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Breast reduction

A breast reduction (reduction mammaplasty) is an elective procedure to reshape and reduce the size of the breasts.  Results of breast reduction surgery are aimed at relieving health symptoms, improving self-image, and giving the woman a breast size and shape in proportion with the rest of her body.
Breast reduction may also be performed after reconstructive surgery following surgical treatment of breast cancer, in order to make the breasts more symmetrical.

Anatomy of the breast

Breast tissue is made up of a mixture of fatty tissue and glandular tissue. Breasts also contain fibrous tissue, milk ducts, nerves, blood vessels and lymphatic vessels.  The lymphatic vessels drain into lymph nodes situated under the arms and breastbone. These act as filters to help the body fight infection and are part of the body's lymphatic system.
Breasts sit on a large muscle called the pectoralis major. The ribs lie beneath this muscle and at the bottom of each breast is a ridge of tissue called the inframammary ridge. The nipple is surrounded by a darkened area called the areola. Both the nipple and the areola contain muscle fibres.
No two breasts are the same and will vary in size and shape. They are sensitive to hormonal changes and respond to these fluctuations as happen in puberty, menstruation, pregnancy, menopause and when taking hormone replacement therapy or oral contraceptives. Breasts will also change in size with weight gain or loss.
Breast reduction can be performed at any age but plastic surgeons usually recommend waiting until breast development has stopped.  Childbirth and breast-feeding may have significant and unpredictable effects on the size and shape of the breasts.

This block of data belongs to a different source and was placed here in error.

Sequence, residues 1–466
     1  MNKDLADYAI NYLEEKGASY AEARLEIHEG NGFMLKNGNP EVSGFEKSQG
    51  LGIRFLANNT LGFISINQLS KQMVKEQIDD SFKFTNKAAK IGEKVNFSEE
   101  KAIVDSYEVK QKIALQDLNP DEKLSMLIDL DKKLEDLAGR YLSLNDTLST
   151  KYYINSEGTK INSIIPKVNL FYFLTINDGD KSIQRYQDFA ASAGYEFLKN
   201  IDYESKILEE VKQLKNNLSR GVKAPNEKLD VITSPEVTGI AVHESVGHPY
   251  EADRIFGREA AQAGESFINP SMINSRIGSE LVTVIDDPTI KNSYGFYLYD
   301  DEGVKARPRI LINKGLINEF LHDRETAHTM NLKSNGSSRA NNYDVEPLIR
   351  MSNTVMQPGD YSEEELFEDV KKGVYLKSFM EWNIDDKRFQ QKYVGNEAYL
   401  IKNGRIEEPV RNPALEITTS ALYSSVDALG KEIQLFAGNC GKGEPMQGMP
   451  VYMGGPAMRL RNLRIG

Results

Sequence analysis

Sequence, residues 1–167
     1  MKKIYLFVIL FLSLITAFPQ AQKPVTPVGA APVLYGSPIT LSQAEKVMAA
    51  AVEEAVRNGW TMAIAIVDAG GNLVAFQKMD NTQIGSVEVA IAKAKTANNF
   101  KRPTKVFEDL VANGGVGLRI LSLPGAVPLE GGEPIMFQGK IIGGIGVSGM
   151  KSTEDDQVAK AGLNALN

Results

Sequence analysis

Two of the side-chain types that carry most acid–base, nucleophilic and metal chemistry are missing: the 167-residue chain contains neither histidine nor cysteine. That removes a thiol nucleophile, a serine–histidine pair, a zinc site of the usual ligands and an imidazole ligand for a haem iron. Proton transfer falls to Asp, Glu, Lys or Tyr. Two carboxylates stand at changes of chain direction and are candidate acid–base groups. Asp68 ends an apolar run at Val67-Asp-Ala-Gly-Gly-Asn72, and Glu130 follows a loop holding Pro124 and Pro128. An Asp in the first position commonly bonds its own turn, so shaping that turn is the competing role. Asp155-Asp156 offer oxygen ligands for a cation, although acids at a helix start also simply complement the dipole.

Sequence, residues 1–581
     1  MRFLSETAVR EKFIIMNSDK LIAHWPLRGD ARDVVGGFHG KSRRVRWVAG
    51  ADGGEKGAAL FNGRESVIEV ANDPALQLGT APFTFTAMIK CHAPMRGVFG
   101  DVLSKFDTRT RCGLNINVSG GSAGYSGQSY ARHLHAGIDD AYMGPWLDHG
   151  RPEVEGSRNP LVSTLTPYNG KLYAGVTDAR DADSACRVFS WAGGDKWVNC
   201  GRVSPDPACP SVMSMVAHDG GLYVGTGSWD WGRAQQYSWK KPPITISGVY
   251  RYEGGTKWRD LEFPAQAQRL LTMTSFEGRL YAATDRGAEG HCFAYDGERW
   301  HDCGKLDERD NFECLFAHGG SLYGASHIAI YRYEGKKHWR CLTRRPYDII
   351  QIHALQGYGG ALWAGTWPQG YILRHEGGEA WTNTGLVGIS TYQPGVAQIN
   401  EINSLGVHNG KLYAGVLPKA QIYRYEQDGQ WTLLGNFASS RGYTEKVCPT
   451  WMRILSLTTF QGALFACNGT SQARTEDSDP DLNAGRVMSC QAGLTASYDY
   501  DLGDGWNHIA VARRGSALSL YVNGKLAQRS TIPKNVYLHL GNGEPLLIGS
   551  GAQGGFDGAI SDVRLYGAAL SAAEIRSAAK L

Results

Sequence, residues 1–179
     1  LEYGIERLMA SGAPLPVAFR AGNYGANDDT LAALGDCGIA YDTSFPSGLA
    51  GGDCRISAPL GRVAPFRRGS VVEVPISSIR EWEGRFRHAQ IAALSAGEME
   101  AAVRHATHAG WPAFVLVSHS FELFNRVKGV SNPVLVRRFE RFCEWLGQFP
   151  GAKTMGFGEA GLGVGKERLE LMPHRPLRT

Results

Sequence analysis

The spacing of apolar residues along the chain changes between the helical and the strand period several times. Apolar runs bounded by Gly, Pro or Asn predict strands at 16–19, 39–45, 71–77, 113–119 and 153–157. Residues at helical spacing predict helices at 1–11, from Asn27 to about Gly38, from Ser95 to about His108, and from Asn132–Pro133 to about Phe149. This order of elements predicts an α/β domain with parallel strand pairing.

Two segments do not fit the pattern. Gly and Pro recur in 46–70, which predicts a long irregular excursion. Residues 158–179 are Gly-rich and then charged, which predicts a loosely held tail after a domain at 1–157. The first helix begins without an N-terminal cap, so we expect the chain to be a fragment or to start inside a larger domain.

Impacts of excessively large breasts

Having excessively large breasts can have a number of physical, psychological, social and practical impacts.

Physical symptoms experienced can include: 

  • Neck, back and shoulder pain
  • A dragging discomfort across the front of the breast
  • Strap mark indentations on the shoulders
  • Irritation and/or infection of the skin under the breasts
  • Shortness of breath
  • Poor posture

Psychological impacts can include:

  • Feeling self-conscious or embarrassed
  • A negative body image
  • Restricted social interaction
  • Sexual embarrassment
Socially and practically, having large breasts may make it difficult for women to participate in sporting and recreational activities, and there may be difficulty in finding correctly fitting bras, clothing and swimwear.

Before the procedure

While deciding whether to proceed with breast reduction surgery a woman will have a consultation with the surgeon to discuss her motivations for breast reduction surgery and her expectations of the surgery's outcomes.  This will include agreeing on the desired size and shape of the breasts. It is important to agree on a realistic outcome where the breast size is in proportion with the rest of the body.
Prior to surgery a breast examination will be required and the breasts will be measured and possibly photographed. This is to have a reference available during and after surgery. In some cases a mammogram will be recommended before surgery.
Just prior to the surgery the surgeon will mark on the breasts where the incisions are to be made. The incisions are made where the eventual scarring will be inconspicuous and hidden beneath the bra line.
As with any surgery there are associated risks. These should be discussed with the surgeon prior to surgery and include:

Risks that are a part of all operations 

  • Anaesthetic risks.
  • Bleeding, infection, swelling, and bruising

Risks specific to this operation  

  • A possible risk of breastfeeding difficulty in the future
  • Asymmetry of the nipples and breasts.
  • Noticeable scarring.
  • Loss of sensation in the nipples or breasts.
  • Lack of blood supply to the areola and nipples causing the tissue to die

The procedure